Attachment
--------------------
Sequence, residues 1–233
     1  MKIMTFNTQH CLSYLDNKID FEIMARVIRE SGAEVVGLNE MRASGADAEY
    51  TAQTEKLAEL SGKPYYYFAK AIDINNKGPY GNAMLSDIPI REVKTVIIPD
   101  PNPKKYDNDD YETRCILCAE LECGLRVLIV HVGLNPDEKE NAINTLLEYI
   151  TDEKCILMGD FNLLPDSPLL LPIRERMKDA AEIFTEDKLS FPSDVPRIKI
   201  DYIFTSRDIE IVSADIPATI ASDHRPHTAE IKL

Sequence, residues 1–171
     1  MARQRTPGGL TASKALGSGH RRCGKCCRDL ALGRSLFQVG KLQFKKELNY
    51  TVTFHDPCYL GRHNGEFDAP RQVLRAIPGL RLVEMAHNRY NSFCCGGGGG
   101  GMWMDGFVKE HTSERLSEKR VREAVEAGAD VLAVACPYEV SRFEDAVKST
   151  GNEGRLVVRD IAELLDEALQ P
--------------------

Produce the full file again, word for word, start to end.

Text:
Sequence, residues 1–233
     1  MKIMTFNTQH CLSYLDNKID FEIMARVIRE SGAEVVGLNE MRASGADAEY
    51  TAQTEKLAEL SGKPYYYFAK AIDINNKGPY GNAMLSDIPI REVKTVIIPD
   101  PNPKKYDNDD YETRCILCAE LECGLRVLIV HVGLNPDEKE NAINTLLEYI
   151  TDEKCILMGD FNLLPDSPLL LPIRERMKDA AEIFTEDKLS FPSDVPRIKI
   201  DYIFTSRDIE IVSADIPATI ASDHRPHTAE IKL

Sequence, residues 1–171
     1  MARQRTPGGL TASKALGSGH RRCGKCCRDL ALGRSLFQVG KLQFKKELNY
    51  TVTFHDPCYL GRHNGEFDAP RQVLRAIPGL RLVEMAHNRY NSFCCGGGGG
   101  GMWMDGFVKE HTSERLSEKR VREAVEAGAD VLAVACPYEV SRFEDAVKST
   151  GNEGRLVVRD IAELLDEALQ P